ATLANTA, Georgia and BAKERSFIELD, Calif. (KGET) — Southern specialties from the Peach State, chorizo and jalapeno pizza in northeast Bakersfield, sizzling fajitas in the northwest and a homecooked Chinese meal from a KGET staffer round out this especially full edition of Best Eats This Week.
For the record: Especially full is not a bad thing; it’s our preferable state after dining.
Biscuits and gravy, a Waffle House feast, barbecue and butterscotch ice cream from establishments in Atlanta, Georgia
KGET reporter Karen Hua spent several days attending a journalism conference in Atlanta, Ga., learning new skills, meeting reporters from around the country and battling the staggering humidity.
She also ate, and she ate very well, honing in on Southern classics.
Noshing on biscuits and gravy was a no-brainer, and for that breakfast gut bomb Hua went to Flying Biscuit Cafe, a popular chain that bakes 5,000 biscuits a week at each of its locations.
Is a trip to the South properly authentic without visiting Waffle House? I’d argue no, and Hua was of a similar mind. She sampled hash browns smothered with cheese, rashers of bacon and, of course, a giant waffle covered in butter and syrup.
A trip to the family-owned Zesto chain provided a potent antidote to the heat with its butterscotch-dipped soft serve cone.
Lastly, a discussion of southern eats is not complete without a few words on barbecue.
Hua visited the much-lauded Fox Bros. Bar-B-Q, opened in 2007 by twin brothers from Texas with brisket and pulled pork in their DNA. What did she order? It may be easier to ask for a list of what what she didn’t order.
She ate pork ribs and collard greens, chomped on fatty brisket and chili mac and cheese and bit into a jalapeno and cheese hot link as well as jalapeno and cheese corn bread. The corn bread came with honey butter.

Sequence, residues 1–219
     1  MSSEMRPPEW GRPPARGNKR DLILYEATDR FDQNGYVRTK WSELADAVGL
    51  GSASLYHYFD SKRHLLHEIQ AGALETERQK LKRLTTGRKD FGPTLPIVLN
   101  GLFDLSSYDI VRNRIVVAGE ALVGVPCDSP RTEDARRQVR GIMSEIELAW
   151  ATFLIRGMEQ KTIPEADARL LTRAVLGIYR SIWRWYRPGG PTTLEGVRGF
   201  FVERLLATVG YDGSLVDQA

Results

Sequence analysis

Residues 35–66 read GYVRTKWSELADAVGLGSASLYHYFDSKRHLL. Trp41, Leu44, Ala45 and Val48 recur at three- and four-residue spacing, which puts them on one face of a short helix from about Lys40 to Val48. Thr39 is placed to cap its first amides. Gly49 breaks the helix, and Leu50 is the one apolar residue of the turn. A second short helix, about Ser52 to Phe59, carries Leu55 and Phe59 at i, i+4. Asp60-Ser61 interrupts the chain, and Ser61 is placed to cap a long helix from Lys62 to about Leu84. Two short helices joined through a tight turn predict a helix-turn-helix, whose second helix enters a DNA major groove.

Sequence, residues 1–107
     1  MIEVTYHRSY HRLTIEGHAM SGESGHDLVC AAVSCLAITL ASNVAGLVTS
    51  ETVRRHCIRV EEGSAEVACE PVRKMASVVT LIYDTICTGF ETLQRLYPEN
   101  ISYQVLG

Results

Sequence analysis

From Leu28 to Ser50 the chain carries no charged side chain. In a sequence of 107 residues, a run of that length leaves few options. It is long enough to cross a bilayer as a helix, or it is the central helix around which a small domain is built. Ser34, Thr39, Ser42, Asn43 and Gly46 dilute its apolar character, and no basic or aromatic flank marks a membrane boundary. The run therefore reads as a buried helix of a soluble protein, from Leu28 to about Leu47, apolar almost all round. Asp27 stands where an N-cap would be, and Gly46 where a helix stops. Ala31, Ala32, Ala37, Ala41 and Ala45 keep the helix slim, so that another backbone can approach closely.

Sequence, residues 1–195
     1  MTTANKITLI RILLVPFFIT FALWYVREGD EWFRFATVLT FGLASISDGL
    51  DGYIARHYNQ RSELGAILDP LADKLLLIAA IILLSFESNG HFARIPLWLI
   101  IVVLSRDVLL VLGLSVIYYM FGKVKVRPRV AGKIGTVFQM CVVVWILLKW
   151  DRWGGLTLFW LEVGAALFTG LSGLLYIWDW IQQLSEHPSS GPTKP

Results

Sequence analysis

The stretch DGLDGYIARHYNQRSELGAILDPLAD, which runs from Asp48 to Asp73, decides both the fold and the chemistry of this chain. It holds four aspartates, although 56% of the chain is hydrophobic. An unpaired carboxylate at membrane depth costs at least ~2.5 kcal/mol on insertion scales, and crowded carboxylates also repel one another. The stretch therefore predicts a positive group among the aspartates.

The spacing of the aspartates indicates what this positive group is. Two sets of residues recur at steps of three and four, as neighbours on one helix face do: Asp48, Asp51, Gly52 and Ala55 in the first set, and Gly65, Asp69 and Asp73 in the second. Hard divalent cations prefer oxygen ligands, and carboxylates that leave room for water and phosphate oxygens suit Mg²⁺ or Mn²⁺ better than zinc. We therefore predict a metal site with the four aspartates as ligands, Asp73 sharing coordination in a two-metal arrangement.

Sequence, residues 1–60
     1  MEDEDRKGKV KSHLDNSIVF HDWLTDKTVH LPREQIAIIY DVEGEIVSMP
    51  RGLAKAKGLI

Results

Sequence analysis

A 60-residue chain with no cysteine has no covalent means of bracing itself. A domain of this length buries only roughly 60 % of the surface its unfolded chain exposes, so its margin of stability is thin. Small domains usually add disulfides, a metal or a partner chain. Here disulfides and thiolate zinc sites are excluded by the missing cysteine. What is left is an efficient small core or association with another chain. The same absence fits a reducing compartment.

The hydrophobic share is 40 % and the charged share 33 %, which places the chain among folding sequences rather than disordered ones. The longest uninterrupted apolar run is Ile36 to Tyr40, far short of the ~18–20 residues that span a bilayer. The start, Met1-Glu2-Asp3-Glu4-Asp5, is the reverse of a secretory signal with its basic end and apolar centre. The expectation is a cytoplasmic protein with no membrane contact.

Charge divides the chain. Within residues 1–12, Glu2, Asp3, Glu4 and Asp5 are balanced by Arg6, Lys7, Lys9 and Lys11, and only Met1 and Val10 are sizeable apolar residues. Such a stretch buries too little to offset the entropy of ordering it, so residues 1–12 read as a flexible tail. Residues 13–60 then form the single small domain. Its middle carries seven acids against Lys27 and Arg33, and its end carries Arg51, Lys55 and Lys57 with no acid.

To borrow a popular Southern phrase, Hua left Fox Bros. full as a tick.
Fajitas and quesadilla at Rancho Grande, 6023 Coffee Road, Bakersfield
Reporter Olivia LaVoice works hard — and works up an appetite.
When she sent me the photo of her meal at Rancho Grande, I asked, “Did you really eat all that?”
Yes, she did. And she loved it.
Beef and broccoli and stir fry, Tabatha Mills
“I made beef and broccoli and stir-fry. I have a motto I like to use — #useitorloseit — and basically the beef had thawed in the refrigerator for a couple days so I needed to use it.
“So I bought some broccoli, spiced it up a little bit and boom! I also had a lot of vegetables I needed to use so the easiest thing for me to do to get rid of a lot of veggies is a veggie stir-fry.
“I’m all about that #useitbeforeyouloseit.”
— Tabatha Mills, reporter
Chorizo, onion and jalapeno pizza, Tony’s Firehouse Grill and Pizza, 10701 Highway 178, Bakersfield
I’m an East Coast transplant (moved from Delaware to Bakersfield in 2006).
Some other East Coasters I know disdain California pizza. A former colleague once said she couldn’t eat pizza here after growing up in New York.
Yes, New York has spectacular pizza. But I’ve been to enough restaurants in the Golden State to know it’s no slouch when it comes to slinging pies, either.
From Neopolitan pies to deep dish, crispy square Detroit-style to Korean dessert pizzas, California has it all.
And Bakersfield certainly has its selection of good pizza joints. There’s the Mountain Mike’s buffet, the heavily garlicked pies at Slice of Italy and the enduring Rusty’s chain of pizza parlors.
But as an eastside resident, I usually opt for Tony’s Pizza.
I love the classic pepperoni pies, but my favorite is a slight variation on their specialty Mexicana pizza. I order a pie with chorizo, onions and jalapenos but no tomatoes, which I’ve found can make the dough soggy.
This three-topping beauty combines the saltiness of the chorizo with the spiciness — but not overly spicy — of the jalapenos, and the subtle crunch and flavor from the onions. I’m a sucker for onions on everything.
It’s a great pie, and a solid rebuttal to those claiming California doesn’t know pizza.
Chips in the newsroom
Alissa Carlson, KGET’s chief meteorologist, walked into the newsroom this week bearing a huge box containing 54 small bags of a variety of chips. There were Doritos, Lay’s classic potato chips, Fritos, Cheetos, all sorts of “o’s”.
Carlson said her husband bought the box, believing they served as suitable snacks for their child. She disagreed.
While Carlson didn’t want those little bags of salt and fat in her home, KGET staffers had no qualms whatsoever in devouring them. That box emptied within 24 hours.
For web writer Jose Franco, who works a later shift, seeing that box of chips as he walked into work was the highlight of his week. I do not judge him.